Tuesday, April 26, 2011

Sunstoning: The Borderlands

I recently had occasion to make a business trip, and one of the things I took with me to read on the plane was the current issue of Sunstone.  Most readers of this blog will be familiar with this publication, but for those who are not, Sunstone is the closest thing there is to a “liberal” Mormon journal.   It explores issues that everyone knows are there (in the Church), but are rarely if ever discussed in official circles or publications, and it certainly addresses these issues in a way and from a point of view that one would never find in an official church publication.

There were several stories and articles in the current issue of this journal that I found interesting and meaningful.  I thought I’d share and write about a few of them in this and subsequent posts.


One of the highlights of the current issue was the inclusion of the complete script from Eric Samuelsen’s play Borderlands.  In his introduction to the script, Samuelson shared some of the thoughts that went into the writing of this landmark play:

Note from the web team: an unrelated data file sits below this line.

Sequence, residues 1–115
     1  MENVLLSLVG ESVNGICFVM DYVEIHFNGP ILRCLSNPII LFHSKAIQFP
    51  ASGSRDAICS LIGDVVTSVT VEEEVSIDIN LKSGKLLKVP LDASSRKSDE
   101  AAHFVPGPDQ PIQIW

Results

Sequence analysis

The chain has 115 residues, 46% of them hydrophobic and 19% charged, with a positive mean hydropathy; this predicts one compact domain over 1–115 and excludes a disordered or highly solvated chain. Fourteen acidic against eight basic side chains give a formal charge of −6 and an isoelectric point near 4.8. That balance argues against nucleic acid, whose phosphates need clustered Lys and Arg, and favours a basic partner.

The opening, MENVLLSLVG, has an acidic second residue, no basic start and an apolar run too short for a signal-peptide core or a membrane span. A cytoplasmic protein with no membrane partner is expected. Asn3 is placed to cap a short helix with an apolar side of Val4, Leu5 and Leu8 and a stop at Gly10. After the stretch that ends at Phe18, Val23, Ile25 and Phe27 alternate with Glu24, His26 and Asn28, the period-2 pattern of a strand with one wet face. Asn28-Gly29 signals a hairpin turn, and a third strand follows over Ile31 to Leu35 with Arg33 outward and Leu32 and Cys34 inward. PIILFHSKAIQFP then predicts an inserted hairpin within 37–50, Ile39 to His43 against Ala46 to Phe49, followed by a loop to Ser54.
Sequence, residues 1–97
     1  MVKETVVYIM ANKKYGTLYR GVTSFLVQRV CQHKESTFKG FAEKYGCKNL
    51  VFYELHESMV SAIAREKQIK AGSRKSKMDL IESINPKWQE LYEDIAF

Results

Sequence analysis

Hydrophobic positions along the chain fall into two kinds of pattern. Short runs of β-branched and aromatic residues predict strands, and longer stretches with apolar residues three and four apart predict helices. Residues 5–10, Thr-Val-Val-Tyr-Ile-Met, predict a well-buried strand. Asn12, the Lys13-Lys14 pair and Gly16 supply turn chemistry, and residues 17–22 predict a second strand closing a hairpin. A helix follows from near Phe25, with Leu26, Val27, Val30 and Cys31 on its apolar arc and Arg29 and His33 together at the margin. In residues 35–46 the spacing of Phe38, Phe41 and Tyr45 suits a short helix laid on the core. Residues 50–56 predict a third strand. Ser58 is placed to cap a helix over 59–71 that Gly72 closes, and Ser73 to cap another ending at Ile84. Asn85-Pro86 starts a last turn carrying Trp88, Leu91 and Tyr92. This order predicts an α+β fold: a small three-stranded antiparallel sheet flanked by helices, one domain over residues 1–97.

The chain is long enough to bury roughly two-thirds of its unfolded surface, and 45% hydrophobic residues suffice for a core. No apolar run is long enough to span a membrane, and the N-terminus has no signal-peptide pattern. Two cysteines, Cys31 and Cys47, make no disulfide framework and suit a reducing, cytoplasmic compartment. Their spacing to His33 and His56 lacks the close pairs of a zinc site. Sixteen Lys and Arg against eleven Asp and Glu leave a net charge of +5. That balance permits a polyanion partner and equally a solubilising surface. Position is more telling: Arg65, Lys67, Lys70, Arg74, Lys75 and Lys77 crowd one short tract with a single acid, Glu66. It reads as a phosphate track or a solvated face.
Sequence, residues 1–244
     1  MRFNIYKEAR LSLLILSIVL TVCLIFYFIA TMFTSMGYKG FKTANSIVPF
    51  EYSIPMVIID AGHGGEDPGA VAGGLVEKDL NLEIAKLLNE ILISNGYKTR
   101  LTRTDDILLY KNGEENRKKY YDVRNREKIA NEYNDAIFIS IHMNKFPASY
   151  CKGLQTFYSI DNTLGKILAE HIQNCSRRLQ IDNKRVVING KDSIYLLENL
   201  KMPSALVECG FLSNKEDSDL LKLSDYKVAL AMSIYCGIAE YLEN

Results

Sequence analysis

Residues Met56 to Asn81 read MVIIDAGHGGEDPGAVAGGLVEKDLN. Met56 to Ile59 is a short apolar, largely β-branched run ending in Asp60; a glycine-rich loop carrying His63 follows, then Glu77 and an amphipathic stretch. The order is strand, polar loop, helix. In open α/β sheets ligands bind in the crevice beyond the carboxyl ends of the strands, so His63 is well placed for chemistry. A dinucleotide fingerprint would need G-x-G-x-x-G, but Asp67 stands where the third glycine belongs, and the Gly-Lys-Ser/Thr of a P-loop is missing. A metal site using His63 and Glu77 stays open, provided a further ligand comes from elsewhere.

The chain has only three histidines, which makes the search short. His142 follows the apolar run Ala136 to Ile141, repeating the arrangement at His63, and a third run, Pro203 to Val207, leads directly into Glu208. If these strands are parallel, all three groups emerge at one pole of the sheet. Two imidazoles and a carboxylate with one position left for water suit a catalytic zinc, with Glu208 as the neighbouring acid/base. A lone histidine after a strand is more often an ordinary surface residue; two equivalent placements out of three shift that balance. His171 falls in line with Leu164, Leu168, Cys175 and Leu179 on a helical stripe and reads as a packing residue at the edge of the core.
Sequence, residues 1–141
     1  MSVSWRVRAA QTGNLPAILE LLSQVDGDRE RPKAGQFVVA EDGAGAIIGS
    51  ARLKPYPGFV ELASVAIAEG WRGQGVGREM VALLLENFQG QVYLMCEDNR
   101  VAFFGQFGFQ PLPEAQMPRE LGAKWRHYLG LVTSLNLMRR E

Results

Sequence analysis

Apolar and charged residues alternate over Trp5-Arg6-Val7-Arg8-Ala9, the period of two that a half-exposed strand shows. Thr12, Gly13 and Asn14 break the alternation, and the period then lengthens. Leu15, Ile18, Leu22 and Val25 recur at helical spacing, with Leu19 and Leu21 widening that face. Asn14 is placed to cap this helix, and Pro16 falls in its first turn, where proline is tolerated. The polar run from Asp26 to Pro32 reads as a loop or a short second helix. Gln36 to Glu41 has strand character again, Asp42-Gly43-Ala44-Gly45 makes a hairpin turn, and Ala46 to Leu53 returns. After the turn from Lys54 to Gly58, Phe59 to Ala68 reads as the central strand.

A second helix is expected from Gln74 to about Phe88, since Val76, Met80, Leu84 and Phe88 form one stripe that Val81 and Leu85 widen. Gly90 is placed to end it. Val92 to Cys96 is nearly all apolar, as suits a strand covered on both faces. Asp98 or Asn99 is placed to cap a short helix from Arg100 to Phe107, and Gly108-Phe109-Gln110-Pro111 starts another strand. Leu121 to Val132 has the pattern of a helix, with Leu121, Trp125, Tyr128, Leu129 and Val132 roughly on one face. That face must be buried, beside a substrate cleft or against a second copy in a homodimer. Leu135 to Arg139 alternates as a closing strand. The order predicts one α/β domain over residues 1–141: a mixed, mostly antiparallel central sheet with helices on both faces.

“We Mormons,” Samuelsen wrote, “face tremendous pressure to conform, to fit in, to obey, to define ourselves in certain quite limited ways.  It is, for many, a religious culture of public orthodoxy and quietly whispered rebellion.  And so we carve out spaces for ourselves, and we meet in those spaces [borderlands], and we come out to each other … So I wrote a play about coming out … about death and God and sexual desire.  And a space … where we dare to tell ourselves the truth and where we are appalled to find how little it sets us free” [emphasis added].

There were many things about this statement that struck me, the first being Samuelsen’s comment that we as Mormons face tremendous pressure to “define ourselves in certain quite limited ways.”  One of the most damaging aspects of cultural Mormonism, I think, even beyond the feeling that one has to conform to a prescribed imposed code of conduct, is the feeling that one must define oneself in accordance with this external code, through an external lens through which one not only sees oneself, but also portrays (but not reveal) oneself to the world.

It occurs to me that this is one of the primary reasons that gay Mormons have such difficulty in coming to terms with their sexuality:  they are taught from a young age to look to the Church and to their parents and family for a sense of personal identity.  They define who they are by reference to an idealized code of conduct that is taught to them from infancy – a code that imposes, particularly in the case of gay Mormons, a built-in conflict.